Fufa must not ignore whistle on referees

Monday February 22 2021
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Referee Emma Kiweewa lends an ear to a complaint from a Bright Stars official earlier this term. PHOTO BY EDDIE CHICCO

By Editor

There has been quite a fallout from last Friday’s StarTimes Uganda Premier League clash involving Vipers and Police at St. Mary’s Stadium, Kitende in Wakiso District.

Visitors Police blamed the sending off of goalkeeper Derrick Ochan for the turnaround that saw them squander a 2-1 lead to lose 3-2 to the reigning champions.

Tempers flared as debate on whether Ochan had punched the ball way out of the penalty box or inside ensued.

The referee George Olemu, at first hesitant, made the decision to send off Ochan and award the hosts a free-kick after consultations with his assistant Juma Osire.
For many, it wasn’t a normal refereeing mistakes. It has provoked some old conclusions about the pre-determination of results in the local league.

An angry Police Football Club (FC) chairman Asan Kasingye ran down from the VIP box to confront the officials and called
Later, he went to his official Twitter account to accuse Vipers of bribery and call for life ban to a club that has greatly contributed to the game.

In the middle of his tirade, he called on the Federation of Uganda Football Associations (Fufa) to investigate some of the incidents which he claimed are part of pattern.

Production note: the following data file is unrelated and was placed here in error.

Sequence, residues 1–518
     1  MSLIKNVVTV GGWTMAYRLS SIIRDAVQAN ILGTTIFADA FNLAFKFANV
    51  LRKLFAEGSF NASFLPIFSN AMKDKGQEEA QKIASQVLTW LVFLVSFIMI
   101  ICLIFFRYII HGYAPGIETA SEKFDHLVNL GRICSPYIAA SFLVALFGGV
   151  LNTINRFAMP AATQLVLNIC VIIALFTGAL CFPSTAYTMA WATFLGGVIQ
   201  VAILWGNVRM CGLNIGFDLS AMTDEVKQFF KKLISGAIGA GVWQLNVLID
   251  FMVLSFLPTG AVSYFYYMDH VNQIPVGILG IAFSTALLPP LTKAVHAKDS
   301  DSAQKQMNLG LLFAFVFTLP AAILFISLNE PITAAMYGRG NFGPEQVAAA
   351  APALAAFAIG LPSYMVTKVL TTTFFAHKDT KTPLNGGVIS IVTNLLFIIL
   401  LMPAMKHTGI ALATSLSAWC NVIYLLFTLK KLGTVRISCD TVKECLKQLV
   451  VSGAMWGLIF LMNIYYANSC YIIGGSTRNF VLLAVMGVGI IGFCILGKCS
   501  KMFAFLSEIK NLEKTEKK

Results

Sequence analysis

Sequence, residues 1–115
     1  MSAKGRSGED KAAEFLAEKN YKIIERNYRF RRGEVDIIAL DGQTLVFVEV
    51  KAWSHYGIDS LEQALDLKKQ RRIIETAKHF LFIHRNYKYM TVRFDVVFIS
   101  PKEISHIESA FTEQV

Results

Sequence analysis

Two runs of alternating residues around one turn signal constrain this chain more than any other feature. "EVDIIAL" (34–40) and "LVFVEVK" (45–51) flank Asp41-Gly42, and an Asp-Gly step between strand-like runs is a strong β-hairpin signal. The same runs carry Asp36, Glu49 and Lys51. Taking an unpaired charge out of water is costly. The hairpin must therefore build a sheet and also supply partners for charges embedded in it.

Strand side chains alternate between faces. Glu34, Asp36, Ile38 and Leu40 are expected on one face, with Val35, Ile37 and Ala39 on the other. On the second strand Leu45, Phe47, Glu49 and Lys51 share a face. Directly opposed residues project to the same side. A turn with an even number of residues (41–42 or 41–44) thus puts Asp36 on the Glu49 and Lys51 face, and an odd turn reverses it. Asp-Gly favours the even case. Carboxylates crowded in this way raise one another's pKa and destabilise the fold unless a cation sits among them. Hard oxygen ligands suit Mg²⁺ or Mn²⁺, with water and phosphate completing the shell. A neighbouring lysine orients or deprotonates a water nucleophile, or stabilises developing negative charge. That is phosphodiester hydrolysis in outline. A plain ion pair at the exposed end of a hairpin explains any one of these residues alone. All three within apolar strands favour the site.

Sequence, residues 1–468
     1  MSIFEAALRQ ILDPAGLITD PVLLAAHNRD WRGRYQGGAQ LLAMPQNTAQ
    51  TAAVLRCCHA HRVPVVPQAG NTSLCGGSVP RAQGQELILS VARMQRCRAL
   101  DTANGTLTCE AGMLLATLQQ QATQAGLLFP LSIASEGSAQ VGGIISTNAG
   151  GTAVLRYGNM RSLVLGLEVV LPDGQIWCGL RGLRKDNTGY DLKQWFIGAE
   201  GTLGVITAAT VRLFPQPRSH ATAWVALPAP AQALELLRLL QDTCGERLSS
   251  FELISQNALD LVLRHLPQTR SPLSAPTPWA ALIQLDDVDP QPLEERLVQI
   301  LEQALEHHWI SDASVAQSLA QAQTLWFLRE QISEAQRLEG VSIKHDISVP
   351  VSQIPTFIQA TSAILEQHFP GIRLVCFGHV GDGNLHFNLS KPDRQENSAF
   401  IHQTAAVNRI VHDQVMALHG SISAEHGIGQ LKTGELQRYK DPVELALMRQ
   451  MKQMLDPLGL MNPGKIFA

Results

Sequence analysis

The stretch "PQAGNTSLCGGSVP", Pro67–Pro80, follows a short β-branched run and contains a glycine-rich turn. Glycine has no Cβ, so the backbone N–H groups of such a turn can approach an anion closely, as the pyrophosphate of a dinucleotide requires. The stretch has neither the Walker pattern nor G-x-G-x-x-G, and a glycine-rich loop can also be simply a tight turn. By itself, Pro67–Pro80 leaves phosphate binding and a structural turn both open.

It’s easy to dismiss Kasingye as a jilted lover just going through the emotions of the game. Granted, not everything he tweeted and has said since is valid.
However, he has lit a fire that the Fufa cannot just leave to die. We have been here before. The height of influencing match results was 2003.

SC Villa and Express were implicated during an investigation that saw the former beat Akol United 22-1 in a league game. Football partially died that day.

To cover their backs, Fufa instituted a commission of inquiry. The recommendation of that report was never implemented.
Only as recent as 2018, the accusations of match fixing returned.
Fufa, again, instituted a commission of inquiry. The findings have never been published.

All this time, everyone complains about the refereeing standards. Okay, there is no time when stakeholders will not protest decisions. Sport is that emotive.
Knowing that is not an excuse for Fufa not to work overtime to improve standards. That Ochan moment presents another opportunity to be steadfast in the never-ending process to be better.

The season is now over 80 matches old. Yes, the incidents of bad officiating are few but you cannot let one rotten tomato spoilt the basket.